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Indonesia has been an attractive destination for UK travellers for several decades. Be it as part of a gap year, an escape to the beaches of Bali or a surf trip, Indonesia has something for most travellers.
If you’re travelling to Indonesia, you may not have given thought as to how you’re going to take your spending money with you. The places you travel in Indonesia will determine the best type of travel money to use. You shouldn’t have any issues using a credit card in the tourist hot spots like Bali, but plastic is virtually useless in remote areas like Maluku and Papua.
Whilst only a tiny handful of travel cards in the UK allow you to preload Indonesian rupiah, travel credit cards and debit cards will allow you to access and spend your funds conveniently in Indonesia.
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Most debit cards on the market charge a 2-3% fee when you make a purchase outside of the UK, but it may be worth checking with your bank to see if this is the case.
If you’re looking at taking a travel money card to Indonesia, do your research. There are very few decent travel money cards on the UK market that allow you to load and spend in Indonesian rupiah. The only real contender is the Wise Travel Money Card. Otherwise, there are a couple of travel cards which may be suitable to take to Indonesia, including the Travelex Prepaid Card. One drawback, however, is that you will face a 5.75% currency conversion fee.
These cards should only really be considered if Indonesia is the first leg of your international holiday. The Travelex Prepaid Card offers up to 10 different international currencies and can be used all over the world. However, due to the lack of support for Indonesian rupiah, the exchange rate margin when you load the card with funds and the fee structure, there are cheaper products to use in Indonesia than a travel card.
A credit card can be useful when travelling overseas – especially when it comes to big-ticket items you may want to pay off over a couple of months, or hotel check-in where a deposit is required. Credit cards also give you access to emergency cash if you need it, and some credit cards have handy benefits like complimentary travel insurance when you charge the cost of your travel ticket to your account.
However, credit cards can be expensive, especially when it comes to withdrawing cash at an ATM. Interest is charged straight away and you’ll pay a cash advance fee. You may be able to avoid this keeping a positive balance on your card — each credit card issuer has different rules for keeping a positive balance. Read the FAQs section of our travel money page for more information.
Traveller’s cheques may not be as popular today as they used to be but they still offer some important advantages over other forms of travel money. When travelling to Indonesia, traveller’s cheques have the added security of needing ID to be cashed. Plus, if they get lost or stolen, they can be replaced in a few days. There will also be a fee for purchasing and cashing traveller’s cheques, so check these out too.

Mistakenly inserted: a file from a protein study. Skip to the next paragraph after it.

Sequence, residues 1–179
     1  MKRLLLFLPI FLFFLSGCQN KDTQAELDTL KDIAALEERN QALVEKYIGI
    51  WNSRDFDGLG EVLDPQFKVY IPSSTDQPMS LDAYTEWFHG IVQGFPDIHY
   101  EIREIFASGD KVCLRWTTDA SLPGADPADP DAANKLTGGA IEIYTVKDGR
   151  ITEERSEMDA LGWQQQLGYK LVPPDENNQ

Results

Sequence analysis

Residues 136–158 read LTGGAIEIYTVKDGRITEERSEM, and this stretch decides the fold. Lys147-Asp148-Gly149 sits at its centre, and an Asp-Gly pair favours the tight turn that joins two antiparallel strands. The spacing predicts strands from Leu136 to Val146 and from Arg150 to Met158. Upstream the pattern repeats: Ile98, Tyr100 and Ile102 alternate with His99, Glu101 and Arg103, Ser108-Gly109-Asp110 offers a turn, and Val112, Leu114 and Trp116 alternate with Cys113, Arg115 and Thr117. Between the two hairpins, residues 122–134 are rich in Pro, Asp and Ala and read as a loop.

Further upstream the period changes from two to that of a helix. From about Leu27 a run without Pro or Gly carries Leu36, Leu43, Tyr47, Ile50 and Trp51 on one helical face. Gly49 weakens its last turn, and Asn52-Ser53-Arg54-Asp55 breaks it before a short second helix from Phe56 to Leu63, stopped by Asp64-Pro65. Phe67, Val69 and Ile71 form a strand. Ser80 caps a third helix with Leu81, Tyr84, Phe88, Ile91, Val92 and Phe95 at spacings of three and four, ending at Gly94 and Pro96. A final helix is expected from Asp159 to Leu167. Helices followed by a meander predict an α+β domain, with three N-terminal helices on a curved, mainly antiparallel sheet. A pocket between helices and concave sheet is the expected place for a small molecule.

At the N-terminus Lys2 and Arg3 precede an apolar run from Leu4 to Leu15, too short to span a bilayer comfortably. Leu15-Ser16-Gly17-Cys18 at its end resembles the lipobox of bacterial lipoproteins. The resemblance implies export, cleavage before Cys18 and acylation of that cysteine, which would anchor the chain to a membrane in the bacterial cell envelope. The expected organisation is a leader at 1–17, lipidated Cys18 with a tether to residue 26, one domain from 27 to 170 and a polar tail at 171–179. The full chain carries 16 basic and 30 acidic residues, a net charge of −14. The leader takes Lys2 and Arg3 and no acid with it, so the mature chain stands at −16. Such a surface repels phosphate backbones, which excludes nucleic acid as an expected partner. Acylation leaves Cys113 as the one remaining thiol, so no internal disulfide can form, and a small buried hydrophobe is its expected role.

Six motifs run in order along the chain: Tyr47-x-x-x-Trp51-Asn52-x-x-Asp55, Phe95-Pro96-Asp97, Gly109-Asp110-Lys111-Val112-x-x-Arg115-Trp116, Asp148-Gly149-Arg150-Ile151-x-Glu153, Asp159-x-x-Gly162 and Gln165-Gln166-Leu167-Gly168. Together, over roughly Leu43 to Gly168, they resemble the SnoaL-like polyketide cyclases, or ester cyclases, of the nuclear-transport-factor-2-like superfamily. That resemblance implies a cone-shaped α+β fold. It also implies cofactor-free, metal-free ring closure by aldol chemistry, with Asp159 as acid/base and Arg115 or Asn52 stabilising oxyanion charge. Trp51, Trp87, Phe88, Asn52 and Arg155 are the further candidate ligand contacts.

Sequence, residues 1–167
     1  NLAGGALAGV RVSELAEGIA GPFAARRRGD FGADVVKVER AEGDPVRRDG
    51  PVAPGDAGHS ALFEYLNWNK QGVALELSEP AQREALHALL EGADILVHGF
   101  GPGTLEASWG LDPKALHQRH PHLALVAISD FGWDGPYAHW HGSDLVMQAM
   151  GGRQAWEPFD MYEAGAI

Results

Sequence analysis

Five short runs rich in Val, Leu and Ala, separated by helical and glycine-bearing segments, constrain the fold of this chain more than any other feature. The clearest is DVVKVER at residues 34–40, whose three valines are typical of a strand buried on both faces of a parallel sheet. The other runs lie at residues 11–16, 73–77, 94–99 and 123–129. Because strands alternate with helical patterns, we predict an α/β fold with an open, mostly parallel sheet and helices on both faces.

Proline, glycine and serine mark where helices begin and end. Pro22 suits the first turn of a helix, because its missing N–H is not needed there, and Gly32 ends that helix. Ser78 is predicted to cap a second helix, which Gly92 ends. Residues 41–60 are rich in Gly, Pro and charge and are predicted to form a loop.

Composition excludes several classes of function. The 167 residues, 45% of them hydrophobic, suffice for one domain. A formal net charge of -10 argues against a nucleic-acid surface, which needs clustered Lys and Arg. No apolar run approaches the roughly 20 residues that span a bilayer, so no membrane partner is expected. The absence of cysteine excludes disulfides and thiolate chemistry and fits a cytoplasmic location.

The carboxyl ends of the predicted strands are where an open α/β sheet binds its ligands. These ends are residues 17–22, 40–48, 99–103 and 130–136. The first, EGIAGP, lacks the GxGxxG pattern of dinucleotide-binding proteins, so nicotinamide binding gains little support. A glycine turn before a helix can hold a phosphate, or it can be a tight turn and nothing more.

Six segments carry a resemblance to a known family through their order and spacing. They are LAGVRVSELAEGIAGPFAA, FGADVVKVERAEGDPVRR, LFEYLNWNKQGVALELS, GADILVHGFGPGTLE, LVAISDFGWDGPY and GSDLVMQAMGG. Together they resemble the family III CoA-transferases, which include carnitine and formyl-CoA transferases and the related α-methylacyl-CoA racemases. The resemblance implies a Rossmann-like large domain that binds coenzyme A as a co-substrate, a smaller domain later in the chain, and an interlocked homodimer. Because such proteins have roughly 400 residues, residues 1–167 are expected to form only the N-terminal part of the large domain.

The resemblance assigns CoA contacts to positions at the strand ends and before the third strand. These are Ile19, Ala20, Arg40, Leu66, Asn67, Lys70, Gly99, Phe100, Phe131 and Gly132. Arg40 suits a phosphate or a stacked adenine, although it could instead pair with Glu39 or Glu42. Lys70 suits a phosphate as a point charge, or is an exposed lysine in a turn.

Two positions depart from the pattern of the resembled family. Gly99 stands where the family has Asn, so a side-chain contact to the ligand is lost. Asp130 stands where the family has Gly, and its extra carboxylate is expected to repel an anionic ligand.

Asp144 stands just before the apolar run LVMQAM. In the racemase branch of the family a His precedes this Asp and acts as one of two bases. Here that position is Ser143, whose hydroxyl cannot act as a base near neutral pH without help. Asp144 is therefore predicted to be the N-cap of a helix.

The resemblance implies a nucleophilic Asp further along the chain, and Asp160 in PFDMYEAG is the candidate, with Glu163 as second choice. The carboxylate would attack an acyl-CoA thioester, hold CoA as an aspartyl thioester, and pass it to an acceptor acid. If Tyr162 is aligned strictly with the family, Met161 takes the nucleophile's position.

Whether you’re on a quick business trip or taking a holiday, it’s good to have an at least a couple of ways to access your money. There are currently no travel cards which allow you to load Indonesian rupiah. Compare travel credit cards and debit cards to take to Indonesia instead.
Most digital banking apps, which are a great option owing to very low transaction and withdrawal fees, come with either a Visa or Mastercard bank card. They work as normal bank accounts do, so the “topping up” process simply consists of transferring money into the account.
Choose a mix that suits your needs: for example a debit card for regular spending with a credit card for emergencies, or Indonesian currency supplemented by a debit card. Whatever mix you decide on, you want to have enough Indonesian currency in your pockets when travelling through Indonesia — even if it’s enough for the first couple of days.
You’re going to need to pay for a visa when you arrive in Indonesia. In places such as Denpasar airport, you have to pay cash, so make sure you have sufficient funds.
|Travel money option||Pros||Considerations|
|Debit cards for travel|
|Prepaid travel money cards|
|Credit cards for travel|
This table is a general summary of the travel money products in the market. Features and benefits can vary between cards.
|Budget (Cheap)||Midrange||Luxury (High-end)|
|Simple rooms less than £15||Double rooms with air-con and wi-fi|
|Ayana Bali resort|
|Cheap street meals|
|Average full meal £1.50-£3||Western food £6|
|Bromo-Tengger-Semeru National Park £16||Mt. Batur hike £24-£40||2-Day All-Inclusive Orangutan Trek in Bukit Lawang £60|
*Prices are approximate and are subject to change.
|Year||Average annual exchange British Pound (GBP) to Indonesian Rupiah (IDR)|
Indonesian banknotes are quite different to those we have in the UK so you may want to familiarise yourself with the notes before heading there:
You will be able to use your existing ATM card in most places where merchants display the same logo as the one on your card. Mastercard and Visa have wide acceptance in Bali.
Choose a mix of travel money products that suits your needs. For example, if you’re going to Bali, you can readily use a debit card for regular spending with a credit card for emergencies. As a general rule, it’s probably a good idea to carry enough Indonesian cash on you to cover emergencies, supplemented by a debit card.
While prepaid travel money cards can be useful, there are very few of them that carry Indonesian rupiah.
Make sure you’re able to withdraw cash using a decent prepaid travel money card or no-fee debit or credit card you should be able to handle all eventualities.
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